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Reports have emerged of rising discrimination against EU nationals trying to get jobs, rent properties, and buy holidays.
A dossier of ‘more than two dozen’ examples of discrimination has been compiled by both the Labour Party and the3million – an EU citizens’ rights campaign group – and sent to the government’s equality office, which is now investigating according to the equalities minister Nick Gibb.
The report states that an alarming number of UK job adverts demand applicants must possess a British passport, even for jobs that EU nationals would be particularly well-suited to. For example, one of the adverts included was for a graduate sales executive in Bristol that says the ideal candidate should have German language skills, yet also states applicants must be full UK passport holders.
Even more blatant examples include landlords listing rental properties for British citizens only and travel agencies cancelling holidays already booked by EU nationals.
One individual case involved a German woman who has lived in the UK for 19 years, being refused a test drive at a car dealership because her driving licence was European. She was told that ‘due to Brexit [it is] no longer valid’.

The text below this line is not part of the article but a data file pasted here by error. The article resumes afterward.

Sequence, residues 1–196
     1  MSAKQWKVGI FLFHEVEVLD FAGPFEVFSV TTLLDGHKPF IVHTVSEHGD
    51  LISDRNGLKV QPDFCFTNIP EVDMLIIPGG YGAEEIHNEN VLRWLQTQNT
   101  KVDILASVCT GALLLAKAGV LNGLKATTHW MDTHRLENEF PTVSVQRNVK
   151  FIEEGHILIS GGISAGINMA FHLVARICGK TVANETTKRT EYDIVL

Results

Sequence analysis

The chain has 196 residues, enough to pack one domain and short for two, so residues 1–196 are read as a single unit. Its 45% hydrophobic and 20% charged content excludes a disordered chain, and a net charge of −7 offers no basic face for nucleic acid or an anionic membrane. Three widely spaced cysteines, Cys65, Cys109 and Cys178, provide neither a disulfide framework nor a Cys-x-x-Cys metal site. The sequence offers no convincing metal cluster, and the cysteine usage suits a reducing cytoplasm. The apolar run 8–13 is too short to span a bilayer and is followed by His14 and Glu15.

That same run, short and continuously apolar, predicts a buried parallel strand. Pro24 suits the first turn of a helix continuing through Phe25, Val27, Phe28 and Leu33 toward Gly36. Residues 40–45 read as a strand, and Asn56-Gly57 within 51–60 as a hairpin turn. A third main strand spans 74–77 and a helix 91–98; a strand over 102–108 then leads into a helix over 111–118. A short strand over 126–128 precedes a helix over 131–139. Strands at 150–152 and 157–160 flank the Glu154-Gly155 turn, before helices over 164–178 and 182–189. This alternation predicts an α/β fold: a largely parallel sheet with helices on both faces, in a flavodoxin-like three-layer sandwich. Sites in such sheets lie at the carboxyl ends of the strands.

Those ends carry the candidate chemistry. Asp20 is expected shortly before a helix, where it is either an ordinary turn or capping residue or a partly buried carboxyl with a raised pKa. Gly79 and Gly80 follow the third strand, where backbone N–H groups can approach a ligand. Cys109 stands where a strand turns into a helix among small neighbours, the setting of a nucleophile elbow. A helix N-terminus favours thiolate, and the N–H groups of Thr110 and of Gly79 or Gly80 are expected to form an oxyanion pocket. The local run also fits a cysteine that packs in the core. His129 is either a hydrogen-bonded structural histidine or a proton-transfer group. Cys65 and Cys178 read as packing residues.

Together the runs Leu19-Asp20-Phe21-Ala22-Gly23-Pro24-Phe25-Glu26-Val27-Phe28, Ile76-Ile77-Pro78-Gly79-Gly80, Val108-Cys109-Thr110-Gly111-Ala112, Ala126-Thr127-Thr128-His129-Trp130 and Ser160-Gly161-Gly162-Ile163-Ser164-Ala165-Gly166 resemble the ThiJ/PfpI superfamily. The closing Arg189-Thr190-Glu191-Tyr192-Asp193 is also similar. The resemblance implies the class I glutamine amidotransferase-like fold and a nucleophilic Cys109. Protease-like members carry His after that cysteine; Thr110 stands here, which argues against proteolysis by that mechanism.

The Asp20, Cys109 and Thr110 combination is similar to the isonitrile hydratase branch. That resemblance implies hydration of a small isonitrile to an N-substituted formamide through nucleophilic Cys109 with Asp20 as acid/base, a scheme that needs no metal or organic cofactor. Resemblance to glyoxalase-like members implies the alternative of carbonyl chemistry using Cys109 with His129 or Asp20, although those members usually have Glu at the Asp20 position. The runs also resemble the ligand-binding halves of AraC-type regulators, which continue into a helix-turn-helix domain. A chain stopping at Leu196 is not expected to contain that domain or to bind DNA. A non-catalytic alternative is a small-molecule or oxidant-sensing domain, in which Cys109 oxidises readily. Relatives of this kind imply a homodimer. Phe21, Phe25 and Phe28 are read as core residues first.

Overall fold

These cases of discrimination are likely to be the result of two main causes. The first is people using Brexit as an excuse to bully EU nationals, with some Britons using the referendum result as justification to treat those who look or sound different to them like dirt, as shown by the spike in hate crime since the Brexit vote.
However, this rise in discrimination is also likely to be a result of uncertainty about the consequences of Brexit. Employers may be unsure whether EU nationals will be allowed to continue working for them after Brexit. Furthermore, there are worries that Brexit could stop EU nationals from being secure tenants after March 2019, making landlords reluctant to house them.
Nevertheless, uncertainty does not justify discrimination and the government needs to step in, both by making clear that discrimination of any sort will not be tolerated and by being clearer about how the status of EU citizens living in this country will be affected by Brexit.
In June, Theresa May offered EU citizens living in Britain ‘settled status’ after Brexit, giving them the right to remain in the country. Yet many EU citizens, who have lived and worked in the UK for years, feel there are many unanswered questions about their status post-Brexit and fear becoming ‘second rank citizens’.
Meanwhile the cases of discrimination found by the3million need to be stamped out. They are an unpleasant reminder of 1960s-70s Britain, when institutional discrimination on the grounds of colour or nationality was widespread. Time for the government to make it clear that Brexit Britain will not be a return to a dark past.
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